“We inform the mother-in-law so that she takes care of the rest of the children and takes care of the animals when we last there.” Maradi Woman
“We will also sensitize others by explaining to them that keeping a child at home is useless. The fact that we do not bring him to the health centers can cause many health problems.” Zinder Man
Overwhelmingly however, when presented with a scenario of child malnutrition, many men and women expressed that they would be ashamed. These individuals would therefore only talk to parents, co-spouses, or close neighbors/friends who could offer advice and support to improve their child’s health. Some further explained that they would not want many people to know because they would be viewed as negligent or unable to care for their children.
“These are people you don’t have to inform, but now with the awareness we are doing, there may be others who don’t want us to know that their children are malnourished just so they don’t have to be asked to bring them to the health center. And now we are at a stage where people are ashamed that we know their children are malnourished because they will be seen as negligent mothers.” Maradi Woman,
Few noted, however, that food security was a growing problem in their communities contributing to persistent malnutrition.
“It’s climate change. Sometimes just after the harvest, sometimes just one, two, three or four months later, people go into a period of food uncertainty, it’s a problem.” Zinder Man
Contraceptive use was generally only discussed between spouses compared to discussions around child illness. Few women said they may also discuss FP with a close friend and few men said they may seek advice or approval from their in-laws, especially if the in-laws were supporting the family with food, money, or childcare.
“It is a family secret… The husband is the only one to be informed.” Maradi Woman
“My girlfriend with whom we sit, a close friend with whom we all say, we give each other advice, I can tell her.” Zinder Woman
SBC and health programming appear to influence health discussions and FP norms
Participants were exposed to the RISE II activities to varying degrees based on what was being implemented at the time of the interview and their own level of involvement. Most participants did not distinguish between activities but referred to the project as a whole. When asked whether they knew of specific activities, most reported that they were aware of the food assistance provided by RISE II, as well as the women’s care groups, and husbands schools. When asked whether the RISE II activities had any influence on couple communication and health decision-making, many men and women said that they spoke more frequently with their spouses about health since the project started. Some described how they (or their spouses) would come home after participating in a RISE II activity and share what they learned.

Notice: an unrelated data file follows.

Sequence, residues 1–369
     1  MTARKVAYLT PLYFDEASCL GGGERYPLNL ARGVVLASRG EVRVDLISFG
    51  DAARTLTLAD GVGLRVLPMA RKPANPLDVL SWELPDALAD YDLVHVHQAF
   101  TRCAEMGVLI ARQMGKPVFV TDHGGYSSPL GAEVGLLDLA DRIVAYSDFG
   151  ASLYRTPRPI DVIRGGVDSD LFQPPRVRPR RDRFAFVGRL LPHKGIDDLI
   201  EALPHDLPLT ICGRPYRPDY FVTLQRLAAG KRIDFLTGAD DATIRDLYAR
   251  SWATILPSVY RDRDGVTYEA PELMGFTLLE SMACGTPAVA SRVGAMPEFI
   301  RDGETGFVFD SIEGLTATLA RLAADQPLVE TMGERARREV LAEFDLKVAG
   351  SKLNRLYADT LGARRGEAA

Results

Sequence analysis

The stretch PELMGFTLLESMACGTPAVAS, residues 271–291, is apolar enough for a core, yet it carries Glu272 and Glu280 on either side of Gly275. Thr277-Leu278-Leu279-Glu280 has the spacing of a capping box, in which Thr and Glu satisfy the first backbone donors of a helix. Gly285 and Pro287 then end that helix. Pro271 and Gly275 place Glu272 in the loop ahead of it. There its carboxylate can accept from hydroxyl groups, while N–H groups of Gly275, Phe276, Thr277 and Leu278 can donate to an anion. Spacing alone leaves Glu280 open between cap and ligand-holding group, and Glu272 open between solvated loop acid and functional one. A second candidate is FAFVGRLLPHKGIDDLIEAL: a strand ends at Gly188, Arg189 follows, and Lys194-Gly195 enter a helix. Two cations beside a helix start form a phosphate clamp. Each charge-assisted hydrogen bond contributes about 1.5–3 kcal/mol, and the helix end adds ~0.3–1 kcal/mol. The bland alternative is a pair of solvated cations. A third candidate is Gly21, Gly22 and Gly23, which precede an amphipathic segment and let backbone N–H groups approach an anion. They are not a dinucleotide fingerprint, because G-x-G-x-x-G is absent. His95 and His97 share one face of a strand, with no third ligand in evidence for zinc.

“The chance we have is that our women go to the health centers a lot with this innovation brought by the HAMZARI project and it is very easy for us to initiate a discussion on health issues.” Maradi Man
“Now we help each other and without taboo, I told you from above that I bring water to my wife, I sweep the house if I find her very busy, I look for firewood and I even often take care of the children even if she is there.” Maradi Man
For men in Maradi where the husband school activity was already established, many described how the husband school had a positive influence on their involvement in household tasks and in facilitating dialogue with their spouses. Men also described husband schools as a source for information and comradery.
“Health issues are discussed at almost every moment between my wife and me, especially when we are trained on a new topic at the husband school. The most recent example is that of a delivery that she made at home… And I was very unhappy about this [home delivery] because my friends from the husband school had asked me why.” Maradi Man
“We always consult each other since we were sensitized through the husbands’ school, and we continue ourselves to sensitize others.” Maradi Man
Most men and women said that it was common for couples to discuss FP and echoed some of the health messaging from RISE I and RISE II activities. For instance, they noted the potential health benefits of FP for mother and children. Some participants described how breastfeeding was important for a child’s nutrition and having children too quickly would “steal the milk from one child for the next.” Many also described FP as a way for women to “rest” in-between births.
“Many people now have understood, they make contraceptive injections.” Zinder Man
They did not view the RISE II activities as having an influence on what decisions were made or women’s autonomy in decision-making. Both men and women reported the need to be calm, level-headed, and tactful when discussing health topics with their spouses. In a resource constrained environment such as Niger, external factors such as persistent drought can influence income and resources available to households. Some women underlined these constraints by describing how families must be patient in acting on health decisions as they/their spouses find the needed financial or material resources.